Horse enthusiasts about to embark on a career are often faced with two preconceived options. One — choose a completely unrelated job, and hope to earn enough money to keep your own horse. Two — make horses your career, and have no time, money or energy left to enjoy them as a hobby.
But that’s not the whole story. Some people do manage to combine their passion with their career, and have climbed the ladder to reach an enviably well-paid job. These people dispel the myth that working with horses is all hard labour, long hours and no prospects.
One woman who has encountered the problem of combining horses with a London career is Diana Rhodes (pictured), founder of Blue Zebra PR, which specialises in equestrian business.
Having worked her way up in the PR industry, Diana set up her own company, and she now splits her time between her London and Oxfordshire offices.
Diana owned a horse until she went to college to study communications, then for the next few years concentrated on furthering her career. In 1992, while still working in non-equestrian PR, she took a half-share in a horse she kept in Cobham, Surrey.
“I caught the riding bug again. I was working in Cromwell Road at the time, and I would dash home to ride every night,” she explains.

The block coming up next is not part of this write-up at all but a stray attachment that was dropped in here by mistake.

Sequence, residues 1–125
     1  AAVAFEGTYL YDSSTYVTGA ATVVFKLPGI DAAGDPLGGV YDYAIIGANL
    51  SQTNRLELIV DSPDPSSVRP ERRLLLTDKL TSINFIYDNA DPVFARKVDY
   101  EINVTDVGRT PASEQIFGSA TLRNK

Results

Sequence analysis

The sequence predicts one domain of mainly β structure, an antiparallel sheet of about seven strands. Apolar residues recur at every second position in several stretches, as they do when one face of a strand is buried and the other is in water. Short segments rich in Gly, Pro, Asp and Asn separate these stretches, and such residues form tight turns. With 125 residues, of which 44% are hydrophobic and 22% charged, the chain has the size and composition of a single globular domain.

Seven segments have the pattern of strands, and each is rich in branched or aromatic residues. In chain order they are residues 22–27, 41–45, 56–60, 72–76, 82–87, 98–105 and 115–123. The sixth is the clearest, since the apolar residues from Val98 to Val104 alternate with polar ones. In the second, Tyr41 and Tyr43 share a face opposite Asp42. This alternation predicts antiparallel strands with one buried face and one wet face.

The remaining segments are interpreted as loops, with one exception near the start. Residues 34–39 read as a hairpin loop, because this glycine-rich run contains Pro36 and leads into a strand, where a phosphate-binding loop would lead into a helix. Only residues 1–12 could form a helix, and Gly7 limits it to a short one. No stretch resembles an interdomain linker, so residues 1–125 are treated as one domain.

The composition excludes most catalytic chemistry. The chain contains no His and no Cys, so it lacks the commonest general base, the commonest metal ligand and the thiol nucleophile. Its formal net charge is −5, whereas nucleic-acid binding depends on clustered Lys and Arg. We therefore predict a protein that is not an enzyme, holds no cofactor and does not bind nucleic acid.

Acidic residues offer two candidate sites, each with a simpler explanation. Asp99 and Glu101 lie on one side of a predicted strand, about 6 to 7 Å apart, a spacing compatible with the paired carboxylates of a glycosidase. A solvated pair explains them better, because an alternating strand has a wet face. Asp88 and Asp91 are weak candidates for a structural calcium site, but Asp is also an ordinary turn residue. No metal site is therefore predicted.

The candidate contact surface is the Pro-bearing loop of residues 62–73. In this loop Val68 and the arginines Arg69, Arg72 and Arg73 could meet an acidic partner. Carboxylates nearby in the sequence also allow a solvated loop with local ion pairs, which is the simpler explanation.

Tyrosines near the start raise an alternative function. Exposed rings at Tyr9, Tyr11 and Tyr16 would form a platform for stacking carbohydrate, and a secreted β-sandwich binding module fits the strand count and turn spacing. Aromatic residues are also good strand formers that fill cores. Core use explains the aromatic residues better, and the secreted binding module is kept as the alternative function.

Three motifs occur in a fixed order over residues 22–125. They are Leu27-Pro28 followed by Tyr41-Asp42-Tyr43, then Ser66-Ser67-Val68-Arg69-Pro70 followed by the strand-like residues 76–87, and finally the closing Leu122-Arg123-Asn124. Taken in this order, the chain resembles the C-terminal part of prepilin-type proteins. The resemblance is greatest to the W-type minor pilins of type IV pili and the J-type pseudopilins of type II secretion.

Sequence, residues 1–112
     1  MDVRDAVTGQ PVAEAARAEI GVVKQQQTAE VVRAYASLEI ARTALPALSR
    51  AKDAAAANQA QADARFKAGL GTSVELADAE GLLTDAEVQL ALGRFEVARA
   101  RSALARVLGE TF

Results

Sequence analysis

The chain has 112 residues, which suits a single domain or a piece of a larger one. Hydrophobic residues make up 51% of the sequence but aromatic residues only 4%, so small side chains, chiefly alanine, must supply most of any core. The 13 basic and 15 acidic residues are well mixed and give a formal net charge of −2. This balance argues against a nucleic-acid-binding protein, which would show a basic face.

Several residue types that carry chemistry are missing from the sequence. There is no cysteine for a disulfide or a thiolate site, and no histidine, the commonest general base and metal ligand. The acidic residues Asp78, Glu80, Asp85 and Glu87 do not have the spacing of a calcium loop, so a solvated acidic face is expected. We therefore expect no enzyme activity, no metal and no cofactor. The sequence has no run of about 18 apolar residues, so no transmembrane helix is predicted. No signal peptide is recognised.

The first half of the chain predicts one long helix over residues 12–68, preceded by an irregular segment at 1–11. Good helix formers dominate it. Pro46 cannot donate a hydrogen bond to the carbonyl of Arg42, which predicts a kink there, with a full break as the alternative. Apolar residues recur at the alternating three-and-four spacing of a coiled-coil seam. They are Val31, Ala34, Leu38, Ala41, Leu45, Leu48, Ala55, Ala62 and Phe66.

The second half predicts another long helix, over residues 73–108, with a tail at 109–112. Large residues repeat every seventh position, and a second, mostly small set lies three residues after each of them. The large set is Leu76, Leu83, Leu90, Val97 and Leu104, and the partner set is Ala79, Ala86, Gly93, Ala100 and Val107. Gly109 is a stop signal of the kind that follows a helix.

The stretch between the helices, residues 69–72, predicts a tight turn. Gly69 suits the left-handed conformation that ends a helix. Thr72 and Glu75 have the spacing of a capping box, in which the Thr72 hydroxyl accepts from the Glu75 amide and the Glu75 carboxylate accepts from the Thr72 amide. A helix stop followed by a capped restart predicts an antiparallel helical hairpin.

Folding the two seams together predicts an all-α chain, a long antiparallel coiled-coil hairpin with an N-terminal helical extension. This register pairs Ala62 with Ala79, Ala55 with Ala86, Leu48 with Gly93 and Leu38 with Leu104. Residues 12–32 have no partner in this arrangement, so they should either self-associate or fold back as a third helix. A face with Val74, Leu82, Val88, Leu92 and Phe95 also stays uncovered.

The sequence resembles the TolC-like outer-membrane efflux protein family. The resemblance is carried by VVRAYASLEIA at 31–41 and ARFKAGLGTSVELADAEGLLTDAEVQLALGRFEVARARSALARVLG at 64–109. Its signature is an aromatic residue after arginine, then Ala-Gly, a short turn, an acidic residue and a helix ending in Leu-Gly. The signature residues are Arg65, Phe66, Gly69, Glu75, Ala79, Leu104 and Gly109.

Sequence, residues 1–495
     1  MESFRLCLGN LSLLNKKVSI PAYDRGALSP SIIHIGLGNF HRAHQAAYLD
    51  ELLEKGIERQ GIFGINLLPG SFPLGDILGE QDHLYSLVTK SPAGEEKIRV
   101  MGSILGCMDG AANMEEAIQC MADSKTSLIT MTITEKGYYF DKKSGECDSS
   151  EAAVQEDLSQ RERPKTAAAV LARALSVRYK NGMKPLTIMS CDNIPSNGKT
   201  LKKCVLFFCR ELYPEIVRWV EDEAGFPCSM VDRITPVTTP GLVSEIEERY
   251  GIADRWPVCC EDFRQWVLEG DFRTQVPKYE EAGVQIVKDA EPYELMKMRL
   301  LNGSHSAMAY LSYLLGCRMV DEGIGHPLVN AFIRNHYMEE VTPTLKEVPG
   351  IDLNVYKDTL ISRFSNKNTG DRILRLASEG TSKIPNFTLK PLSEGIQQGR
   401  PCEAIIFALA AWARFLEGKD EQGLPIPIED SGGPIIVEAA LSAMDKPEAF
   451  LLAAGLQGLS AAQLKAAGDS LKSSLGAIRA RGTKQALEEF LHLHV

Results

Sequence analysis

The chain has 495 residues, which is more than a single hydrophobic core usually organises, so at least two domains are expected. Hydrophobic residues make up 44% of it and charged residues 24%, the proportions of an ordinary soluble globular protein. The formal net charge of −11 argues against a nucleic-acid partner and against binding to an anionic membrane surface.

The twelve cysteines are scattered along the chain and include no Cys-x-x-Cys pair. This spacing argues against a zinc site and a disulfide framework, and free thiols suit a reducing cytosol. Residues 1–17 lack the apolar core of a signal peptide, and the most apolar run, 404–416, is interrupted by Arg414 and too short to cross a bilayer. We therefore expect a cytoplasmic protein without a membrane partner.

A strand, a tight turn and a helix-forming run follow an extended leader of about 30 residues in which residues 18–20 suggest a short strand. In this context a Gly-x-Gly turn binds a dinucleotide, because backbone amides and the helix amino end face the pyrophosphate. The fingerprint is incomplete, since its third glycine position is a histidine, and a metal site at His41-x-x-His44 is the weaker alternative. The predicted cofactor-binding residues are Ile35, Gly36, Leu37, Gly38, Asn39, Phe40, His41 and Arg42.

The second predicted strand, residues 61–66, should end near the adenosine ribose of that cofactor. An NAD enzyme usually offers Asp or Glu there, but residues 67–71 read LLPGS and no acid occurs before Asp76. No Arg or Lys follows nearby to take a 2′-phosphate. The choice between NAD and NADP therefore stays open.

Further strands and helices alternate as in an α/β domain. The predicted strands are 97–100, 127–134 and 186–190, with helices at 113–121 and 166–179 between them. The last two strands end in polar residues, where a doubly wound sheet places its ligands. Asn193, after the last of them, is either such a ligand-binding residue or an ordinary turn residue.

Having progressed from junior account executive, including a stint in Bahrain as an account director, Diana was offered the position of associate director at an Oxfordshire-based PR agency, whose clients included a veterinary company and a horse feed manufacturer.
A few years later, she had reached a point in her career where, to progress, she had to either move to a bigger company or set up alone. She opted for the latter, founding Blue Zebra PR, and was finally able to combine what she was good at with what she really loved.
Before long, Blue Zebra expanded: today it has two offices and seven full-time employees, with additional support from a network of consultants. While the majority of its clients are horse companies, including Finest Brands International, Intervet UK and the National Riding Festival, it also caters for non-equestrian clients.
According to Diana, a starting salary might be around £15,000-16,000 for London-based PRs, and earnings of £40,000-plus are achievable. But the job can be stressful, and involve long hours.
If that still sounds appealing, get as much work experience as you can, advises Diana.
“We receive an enormous number of CVs, but we insist on hiring people with a PR background,” she says. “We look for a flair for writing and someone with a bit of gumption, who isn’t afraid to approach companies.”
There are currently around 20 PR agencies in Britain specialising in equestrian businesses, with many more working in one-person operations — but bear in mind you need the contacts, business acumen and PR experience before you go it alone. It may be easier to start working in general PR first to gain experience before specialising.
“If you hold out for an opening in equestrian PR, you could wait for a very long time,” explains Diana.